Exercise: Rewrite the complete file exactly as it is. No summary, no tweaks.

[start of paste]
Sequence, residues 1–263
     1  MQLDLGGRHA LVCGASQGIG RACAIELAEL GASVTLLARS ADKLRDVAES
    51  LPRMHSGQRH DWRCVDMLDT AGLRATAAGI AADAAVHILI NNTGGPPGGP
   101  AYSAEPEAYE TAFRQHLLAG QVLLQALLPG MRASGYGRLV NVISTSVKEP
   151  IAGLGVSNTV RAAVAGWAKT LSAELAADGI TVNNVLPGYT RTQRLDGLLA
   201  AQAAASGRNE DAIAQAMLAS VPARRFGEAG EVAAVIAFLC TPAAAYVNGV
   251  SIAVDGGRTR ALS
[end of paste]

Sequence, residues 1–263
     1  MQLDLGGRHA LVCGASQGIG RACAIELAEL GASVTLLARS ADKLRDVAES
    51  LPRMHSGQRH DWRCVDMLDT AGLRATAAGI AADAAVHILI NNTGGPPGGP
   101  AYSAEPEAYE TAFRQHLLAG QVLLQALLPG MRASGYGRLV NVISTSVKEP
   151  IAGLGVSNTV RAAVAGWAKT LSAELAADGI TVNNVLPGYT RTQRLDGLLA
   201  AQAAASGRNE DAIAQAMLAS VPARRFGEAG EVAAVIAFLC TPAAAYVNGV
   251  SIAVDGGRTR ALS